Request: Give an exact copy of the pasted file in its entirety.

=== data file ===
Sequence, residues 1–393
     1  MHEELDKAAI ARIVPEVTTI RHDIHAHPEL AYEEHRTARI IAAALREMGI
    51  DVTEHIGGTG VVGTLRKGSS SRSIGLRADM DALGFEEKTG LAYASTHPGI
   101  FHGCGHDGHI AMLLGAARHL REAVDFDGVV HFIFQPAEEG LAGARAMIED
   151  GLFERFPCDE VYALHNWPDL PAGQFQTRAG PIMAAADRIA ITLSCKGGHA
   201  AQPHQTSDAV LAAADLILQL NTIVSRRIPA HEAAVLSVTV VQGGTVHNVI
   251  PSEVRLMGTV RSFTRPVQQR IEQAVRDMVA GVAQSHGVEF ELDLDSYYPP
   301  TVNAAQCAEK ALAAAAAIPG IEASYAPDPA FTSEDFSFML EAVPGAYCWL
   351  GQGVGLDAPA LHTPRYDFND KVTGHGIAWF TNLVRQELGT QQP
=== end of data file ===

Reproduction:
Sequence, residues 1–393
     1  MHEELDKAAI ARIVPEVTTI RHDIHAHPEL AYEEHRTARI IAAALREMGI
    51  DVTEHIGGTG VVGTLRKGSS SRSIGLRADM DALGFEEKTG LAYASTHPGI
   101  FHGCGHDGHI AMLLGAARHL REAVDFDGVV HFIFQPAEEG LAGARAMIED
   151  GLFERFPCDE VYALHNWPDL PAGQFQTRAG PIMAAADRIA ITLSCKGGHA
   201  AQPHQTSDAV LAAADLILQL NTIVSRRIPA HEAAVLSVTV VQGGTVHNVI
   251  PSEVRLMGTV RSFTRPVQQR IEQAVRDMVA GVAQSHGVEF ELDLDSYYPP
   301  TVNAAQCAEK ALAAAAAIPG IEASYAPDPA FTSEDFSFML EAVPGAYCWL
   351  GQGVGLDAPA LHTPRYDFND KVTGHGIAWF TNLVRQELGT QQP